UAW ‘Scab Lists’ Pop Up in More Right to Work States

General Motors Fairfax plant in Kansas City, Kan. / AP

The Kansas chapter of the United Auto Workers union is using its website to draw attention to GM workers who choose not to pay union dues.

UAW Local 31 dedicates an entire page of its website to listing the names and work stations of employees who have opted to exercise their rights not to be in the union. UAW Local 31 lists nearly 30 workers at the Fairfax, Kansas GM plant who are not in the union. The “Scab List” is published under the union website’s “Important Information” section.

Union Front Group Peddles Questionable Poll on Sexual Harassment

AP

A union front group relied on seriously flawed polling to paint a picture of rampant sexual harassment in the restaurant industry, according to labor watchdogs.

Restaurant Opportunities Center, a union-founded non-profit worker center, released a report on Tuesday saying that the majority of tipped employees experience sexual harassment on a weekly basis.

Teachers Union Backing Landrieu Files Anti-Charter School Lawsuit

Sen. Mary Landrieu (D., La.) / AP

A teachers union that endorsed Democratic incumbent Sen. Mary Landrieu (D., La.) is suing the state of Louisiana to restrict funding for charter schools.

The Louisiana Association of Educators (LAE) filed a lawsuit in the 19th Judicial District Court in Baton Rouge on Monday that would eliminate $60 million for dozens of schools.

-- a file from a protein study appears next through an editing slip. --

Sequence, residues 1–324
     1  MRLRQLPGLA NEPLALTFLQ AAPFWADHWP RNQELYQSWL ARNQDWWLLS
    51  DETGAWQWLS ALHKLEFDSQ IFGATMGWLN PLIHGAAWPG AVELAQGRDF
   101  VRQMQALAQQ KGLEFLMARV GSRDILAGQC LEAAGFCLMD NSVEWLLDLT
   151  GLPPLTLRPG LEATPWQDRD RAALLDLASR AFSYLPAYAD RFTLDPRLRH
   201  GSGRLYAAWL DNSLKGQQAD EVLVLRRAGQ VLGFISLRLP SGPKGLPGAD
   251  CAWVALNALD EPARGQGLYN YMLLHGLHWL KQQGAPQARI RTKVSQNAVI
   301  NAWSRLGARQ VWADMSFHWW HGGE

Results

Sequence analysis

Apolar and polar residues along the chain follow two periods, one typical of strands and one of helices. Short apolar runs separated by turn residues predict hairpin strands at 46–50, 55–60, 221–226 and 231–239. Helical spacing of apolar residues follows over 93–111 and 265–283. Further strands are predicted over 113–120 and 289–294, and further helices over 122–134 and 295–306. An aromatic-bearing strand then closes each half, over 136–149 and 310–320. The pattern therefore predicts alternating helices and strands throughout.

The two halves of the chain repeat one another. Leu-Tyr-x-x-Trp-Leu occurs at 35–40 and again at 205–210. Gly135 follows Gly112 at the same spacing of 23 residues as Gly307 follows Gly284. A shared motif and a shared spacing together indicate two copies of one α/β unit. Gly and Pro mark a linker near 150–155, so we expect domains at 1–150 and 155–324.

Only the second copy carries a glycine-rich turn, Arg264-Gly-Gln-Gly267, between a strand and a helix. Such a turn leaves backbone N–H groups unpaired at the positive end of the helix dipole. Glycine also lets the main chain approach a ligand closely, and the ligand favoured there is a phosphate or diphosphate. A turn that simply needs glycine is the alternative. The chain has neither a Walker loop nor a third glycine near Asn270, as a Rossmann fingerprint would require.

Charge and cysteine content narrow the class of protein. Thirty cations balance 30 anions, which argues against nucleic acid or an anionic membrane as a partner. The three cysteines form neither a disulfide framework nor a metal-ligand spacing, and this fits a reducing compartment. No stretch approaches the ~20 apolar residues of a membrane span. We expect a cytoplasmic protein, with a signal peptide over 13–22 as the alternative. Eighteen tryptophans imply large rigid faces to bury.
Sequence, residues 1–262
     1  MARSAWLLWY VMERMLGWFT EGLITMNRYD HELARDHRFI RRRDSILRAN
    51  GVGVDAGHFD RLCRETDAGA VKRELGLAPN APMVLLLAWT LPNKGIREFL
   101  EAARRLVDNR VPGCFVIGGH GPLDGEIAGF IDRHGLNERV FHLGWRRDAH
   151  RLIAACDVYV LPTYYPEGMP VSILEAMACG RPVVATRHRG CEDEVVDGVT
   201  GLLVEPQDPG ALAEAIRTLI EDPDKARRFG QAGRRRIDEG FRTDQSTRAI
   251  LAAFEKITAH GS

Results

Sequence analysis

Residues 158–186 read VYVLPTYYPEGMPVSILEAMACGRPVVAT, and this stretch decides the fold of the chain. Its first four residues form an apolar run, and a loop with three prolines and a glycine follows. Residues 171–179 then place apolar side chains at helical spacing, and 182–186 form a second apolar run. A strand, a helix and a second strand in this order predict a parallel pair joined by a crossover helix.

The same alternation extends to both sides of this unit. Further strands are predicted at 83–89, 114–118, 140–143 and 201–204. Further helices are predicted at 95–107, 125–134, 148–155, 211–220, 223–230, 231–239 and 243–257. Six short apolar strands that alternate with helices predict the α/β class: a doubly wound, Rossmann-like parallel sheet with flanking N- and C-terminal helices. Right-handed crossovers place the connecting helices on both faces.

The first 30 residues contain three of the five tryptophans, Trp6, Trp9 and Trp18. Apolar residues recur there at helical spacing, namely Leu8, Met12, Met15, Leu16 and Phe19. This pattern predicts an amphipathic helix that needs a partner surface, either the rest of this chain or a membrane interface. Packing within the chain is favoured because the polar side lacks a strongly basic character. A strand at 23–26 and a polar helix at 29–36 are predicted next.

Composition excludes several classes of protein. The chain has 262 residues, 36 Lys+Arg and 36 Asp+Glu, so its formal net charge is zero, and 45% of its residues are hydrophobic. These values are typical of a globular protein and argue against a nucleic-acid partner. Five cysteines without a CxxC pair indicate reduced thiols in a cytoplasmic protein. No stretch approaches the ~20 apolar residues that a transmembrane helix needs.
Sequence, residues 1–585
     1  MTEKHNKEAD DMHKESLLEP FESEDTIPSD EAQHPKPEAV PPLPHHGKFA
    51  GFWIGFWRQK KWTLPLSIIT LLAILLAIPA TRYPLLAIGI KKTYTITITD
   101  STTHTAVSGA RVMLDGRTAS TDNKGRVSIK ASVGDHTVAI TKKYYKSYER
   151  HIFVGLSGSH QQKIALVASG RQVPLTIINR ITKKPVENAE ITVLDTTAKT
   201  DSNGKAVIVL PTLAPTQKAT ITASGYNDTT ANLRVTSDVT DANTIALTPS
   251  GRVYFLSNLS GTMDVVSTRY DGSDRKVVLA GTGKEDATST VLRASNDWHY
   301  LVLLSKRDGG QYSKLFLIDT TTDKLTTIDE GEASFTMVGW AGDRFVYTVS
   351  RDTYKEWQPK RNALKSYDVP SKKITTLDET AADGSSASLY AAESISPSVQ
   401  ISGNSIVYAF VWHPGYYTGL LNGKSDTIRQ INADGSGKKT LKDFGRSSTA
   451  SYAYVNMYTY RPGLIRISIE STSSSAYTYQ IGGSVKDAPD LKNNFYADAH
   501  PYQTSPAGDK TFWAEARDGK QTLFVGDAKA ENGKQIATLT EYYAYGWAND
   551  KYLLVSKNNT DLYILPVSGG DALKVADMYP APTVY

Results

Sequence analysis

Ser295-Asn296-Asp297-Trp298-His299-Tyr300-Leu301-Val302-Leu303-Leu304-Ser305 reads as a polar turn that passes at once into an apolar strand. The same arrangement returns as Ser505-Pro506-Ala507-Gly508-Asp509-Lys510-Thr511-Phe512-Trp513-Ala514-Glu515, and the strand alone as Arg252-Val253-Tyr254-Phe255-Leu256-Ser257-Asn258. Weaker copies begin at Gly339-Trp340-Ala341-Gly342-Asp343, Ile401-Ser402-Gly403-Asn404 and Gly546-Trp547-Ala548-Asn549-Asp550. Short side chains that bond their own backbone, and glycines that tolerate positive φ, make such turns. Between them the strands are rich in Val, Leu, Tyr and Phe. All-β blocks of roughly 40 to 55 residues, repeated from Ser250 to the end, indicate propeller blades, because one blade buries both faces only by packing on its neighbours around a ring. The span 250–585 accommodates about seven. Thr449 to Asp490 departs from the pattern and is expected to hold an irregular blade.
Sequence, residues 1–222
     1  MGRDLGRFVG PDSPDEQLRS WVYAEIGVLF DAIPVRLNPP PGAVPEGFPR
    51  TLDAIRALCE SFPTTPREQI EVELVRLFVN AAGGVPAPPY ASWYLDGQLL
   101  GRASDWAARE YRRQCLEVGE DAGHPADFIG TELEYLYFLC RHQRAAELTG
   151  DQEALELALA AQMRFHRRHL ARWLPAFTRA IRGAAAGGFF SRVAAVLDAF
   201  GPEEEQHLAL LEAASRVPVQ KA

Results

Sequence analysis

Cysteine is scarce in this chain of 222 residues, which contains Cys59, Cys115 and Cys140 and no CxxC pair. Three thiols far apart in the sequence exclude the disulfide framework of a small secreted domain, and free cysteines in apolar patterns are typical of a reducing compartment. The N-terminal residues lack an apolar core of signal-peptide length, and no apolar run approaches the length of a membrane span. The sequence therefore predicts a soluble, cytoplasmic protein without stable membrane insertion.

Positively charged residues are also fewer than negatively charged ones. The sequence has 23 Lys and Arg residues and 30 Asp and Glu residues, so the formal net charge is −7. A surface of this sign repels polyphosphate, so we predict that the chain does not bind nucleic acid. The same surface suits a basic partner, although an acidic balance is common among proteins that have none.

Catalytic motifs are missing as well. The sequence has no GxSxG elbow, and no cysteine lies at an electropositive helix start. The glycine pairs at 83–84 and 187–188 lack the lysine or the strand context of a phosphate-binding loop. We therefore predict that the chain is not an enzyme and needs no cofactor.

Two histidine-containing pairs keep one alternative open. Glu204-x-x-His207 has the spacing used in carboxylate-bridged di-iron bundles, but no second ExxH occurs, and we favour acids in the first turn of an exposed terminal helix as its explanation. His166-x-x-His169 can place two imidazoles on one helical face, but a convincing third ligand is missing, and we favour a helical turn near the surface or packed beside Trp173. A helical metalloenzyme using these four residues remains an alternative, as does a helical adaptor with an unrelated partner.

Campbell Brown: Teacher Tenure Must End

Campbell Brown / AP

The first grader stood at the front of the classroom, the rest of his class looking on, laughing, as he scratched “Um” on the blackboard over and over.

The teacher, angry with the child for not speaking clearly, brought the child to the front of the classroom to mock and humiliate him. The boy’s crime was that he stuttered. And that teacher, Richard Parlini, is still teaching at the Queens elementary school where this event—and others like it—occurred.

Watchdogs Slam President’s Perez Power Play

Tom Perez / AP

Rumors that President Barack Obama may tap controversial Labor Secretary Tom Perez to replace outgoing Attorney General Eric Holder are drawing fire from government and labor watchdogs.

The White House is considering naming Perez to be the nation’s top law enforcement official, according to a report published Monday by Politico. Perez, a two-time Obama appointee at the Department of Justice Civil Rights Division and the Department of Labor, would succeed Holder, whose tenure was marred by controversy, scandal, and calls for his resignation.